The agency said in a statement that it “will lift the grounding order only after we are satisfied that the aircraft meets certification standards.”
Boeing’s chief executive, David Calhoun, flew on the plane in February. The head of the F.A.A. and longtime Delta pilot, Stephen M. Dickson, told a Senate committee that he would fly the Max himself and must be satisfied that he would put his family aboard before he would lift the grounding order.
Industry experts said that it could still take several months before the agency and its counterparts in Europe, Canada and Brazil give the green light to certify the Max — possibly as late as 2021. All told, this likely means that the Max won’t return to service until this fall at the earliest.
Here’s what travelers who might be contemplating flying again around that time need to know.
The airlines need to ready the planes and their pilots, and the F.A.A. needs to approve a new training regime for pilots.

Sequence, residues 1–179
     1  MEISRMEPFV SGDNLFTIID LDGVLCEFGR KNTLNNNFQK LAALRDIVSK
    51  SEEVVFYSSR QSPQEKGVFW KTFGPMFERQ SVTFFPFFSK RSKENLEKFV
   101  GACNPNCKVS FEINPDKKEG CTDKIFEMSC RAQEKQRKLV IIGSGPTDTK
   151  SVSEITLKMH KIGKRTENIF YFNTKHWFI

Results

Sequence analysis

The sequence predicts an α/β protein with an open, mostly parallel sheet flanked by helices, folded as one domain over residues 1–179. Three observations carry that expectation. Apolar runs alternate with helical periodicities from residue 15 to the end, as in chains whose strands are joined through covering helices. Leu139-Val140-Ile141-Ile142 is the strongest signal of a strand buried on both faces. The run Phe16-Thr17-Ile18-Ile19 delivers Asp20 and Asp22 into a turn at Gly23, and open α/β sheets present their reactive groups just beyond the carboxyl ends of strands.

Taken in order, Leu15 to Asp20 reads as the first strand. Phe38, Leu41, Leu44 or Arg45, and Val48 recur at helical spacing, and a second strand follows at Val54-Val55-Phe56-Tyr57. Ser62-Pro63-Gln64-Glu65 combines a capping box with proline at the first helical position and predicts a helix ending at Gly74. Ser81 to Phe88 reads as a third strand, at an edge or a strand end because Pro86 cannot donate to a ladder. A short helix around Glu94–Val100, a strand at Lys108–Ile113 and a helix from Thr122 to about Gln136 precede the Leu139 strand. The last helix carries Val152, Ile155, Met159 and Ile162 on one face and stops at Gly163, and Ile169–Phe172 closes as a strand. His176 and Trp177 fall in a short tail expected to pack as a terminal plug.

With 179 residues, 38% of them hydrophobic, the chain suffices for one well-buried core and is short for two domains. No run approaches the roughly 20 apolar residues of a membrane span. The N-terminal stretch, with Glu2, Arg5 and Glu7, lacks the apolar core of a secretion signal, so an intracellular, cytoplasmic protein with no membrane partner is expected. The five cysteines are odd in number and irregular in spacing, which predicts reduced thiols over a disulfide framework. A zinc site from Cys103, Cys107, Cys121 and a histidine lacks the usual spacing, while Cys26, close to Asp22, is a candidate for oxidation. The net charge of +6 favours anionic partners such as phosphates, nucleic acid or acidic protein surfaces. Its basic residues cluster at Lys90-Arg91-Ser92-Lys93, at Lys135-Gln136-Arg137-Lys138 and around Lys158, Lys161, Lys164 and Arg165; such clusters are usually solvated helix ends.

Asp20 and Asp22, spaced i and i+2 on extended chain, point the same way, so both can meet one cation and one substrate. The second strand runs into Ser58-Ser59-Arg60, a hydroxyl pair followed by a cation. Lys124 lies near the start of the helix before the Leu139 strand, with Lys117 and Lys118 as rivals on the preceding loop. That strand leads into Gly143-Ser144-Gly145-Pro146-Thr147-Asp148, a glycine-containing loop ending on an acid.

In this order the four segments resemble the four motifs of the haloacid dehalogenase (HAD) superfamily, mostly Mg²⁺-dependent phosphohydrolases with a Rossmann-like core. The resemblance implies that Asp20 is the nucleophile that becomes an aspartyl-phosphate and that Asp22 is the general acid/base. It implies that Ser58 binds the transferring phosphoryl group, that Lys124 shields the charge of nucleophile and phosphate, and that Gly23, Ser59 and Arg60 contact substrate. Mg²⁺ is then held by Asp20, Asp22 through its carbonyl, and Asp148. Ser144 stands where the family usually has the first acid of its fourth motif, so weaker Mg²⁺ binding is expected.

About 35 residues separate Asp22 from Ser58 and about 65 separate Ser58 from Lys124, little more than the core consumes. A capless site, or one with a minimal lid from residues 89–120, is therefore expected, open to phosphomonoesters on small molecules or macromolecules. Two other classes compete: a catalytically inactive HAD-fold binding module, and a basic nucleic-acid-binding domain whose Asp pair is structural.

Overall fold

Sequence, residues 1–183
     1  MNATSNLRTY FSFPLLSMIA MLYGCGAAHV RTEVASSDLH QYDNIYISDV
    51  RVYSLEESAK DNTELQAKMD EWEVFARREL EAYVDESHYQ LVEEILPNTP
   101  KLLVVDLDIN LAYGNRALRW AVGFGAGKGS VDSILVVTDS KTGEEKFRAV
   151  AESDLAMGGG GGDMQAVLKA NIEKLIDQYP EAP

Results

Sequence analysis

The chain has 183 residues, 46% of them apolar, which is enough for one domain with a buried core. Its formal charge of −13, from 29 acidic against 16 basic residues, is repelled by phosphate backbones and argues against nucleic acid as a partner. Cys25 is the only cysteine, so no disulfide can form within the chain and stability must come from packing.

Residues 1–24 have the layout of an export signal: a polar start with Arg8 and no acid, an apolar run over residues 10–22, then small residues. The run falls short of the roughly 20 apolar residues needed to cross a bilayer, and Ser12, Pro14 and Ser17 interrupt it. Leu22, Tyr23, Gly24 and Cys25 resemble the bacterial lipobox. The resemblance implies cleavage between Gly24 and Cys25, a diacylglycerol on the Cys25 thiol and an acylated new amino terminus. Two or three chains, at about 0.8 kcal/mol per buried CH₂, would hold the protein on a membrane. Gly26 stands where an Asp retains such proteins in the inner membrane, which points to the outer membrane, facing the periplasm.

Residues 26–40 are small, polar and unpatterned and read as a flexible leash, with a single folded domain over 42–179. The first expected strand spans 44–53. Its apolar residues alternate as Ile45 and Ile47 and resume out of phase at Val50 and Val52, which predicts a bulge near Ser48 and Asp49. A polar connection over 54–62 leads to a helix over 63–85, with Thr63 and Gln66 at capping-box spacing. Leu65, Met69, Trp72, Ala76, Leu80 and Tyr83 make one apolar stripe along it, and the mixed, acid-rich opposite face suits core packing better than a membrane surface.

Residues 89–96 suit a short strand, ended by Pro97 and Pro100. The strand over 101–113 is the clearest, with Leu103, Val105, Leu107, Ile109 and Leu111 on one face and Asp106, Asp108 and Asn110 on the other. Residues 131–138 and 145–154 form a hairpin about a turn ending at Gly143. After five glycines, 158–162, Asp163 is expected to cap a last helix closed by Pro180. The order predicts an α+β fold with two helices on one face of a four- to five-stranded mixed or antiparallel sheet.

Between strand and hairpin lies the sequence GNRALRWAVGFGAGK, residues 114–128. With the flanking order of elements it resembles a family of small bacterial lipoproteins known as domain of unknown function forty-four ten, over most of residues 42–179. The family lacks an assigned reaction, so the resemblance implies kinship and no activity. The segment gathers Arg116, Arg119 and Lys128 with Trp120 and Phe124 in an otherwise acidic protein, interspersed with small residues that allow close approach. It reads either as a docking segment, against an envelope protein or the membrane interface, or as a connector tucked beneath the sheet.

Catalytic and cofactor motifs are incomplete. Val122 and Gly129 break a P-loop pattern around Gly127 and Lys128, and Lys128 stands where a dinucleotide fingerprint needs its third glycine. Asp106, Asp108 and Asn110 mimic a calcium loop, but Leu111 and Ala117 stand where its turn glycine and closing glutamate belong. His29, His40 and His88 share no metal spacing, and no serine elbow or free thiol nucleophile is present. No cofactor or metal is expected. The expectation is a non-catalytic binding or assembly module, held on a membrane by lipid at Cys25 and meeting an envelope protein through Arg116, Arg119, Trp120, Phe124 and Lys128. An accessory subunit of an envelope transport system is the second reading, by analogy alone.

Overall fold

The grounded planes are parked at airplane storage facilities around the United States. They undergo periodic maintenance even while grounded. When the F.A.A. provides its approval, an airline’s maintenance teams and pilots will fly the aircraft (with no passengers on board) to airline maintenance facilities, said R. Eric Jones, an associate professor of Aviation Maintenance Sciences at Embry Riddle Aeronautical University and an experienced airline maintenance lead. There, the aircraft will undergo extensive evaluations and maintenance of systems, including hydraulics and avionics, and of the wings and landing gear. “Assuming no anomalies are found, it could take as little as two weeks to a month to return a parked Max to operational service,” Professor Jones said.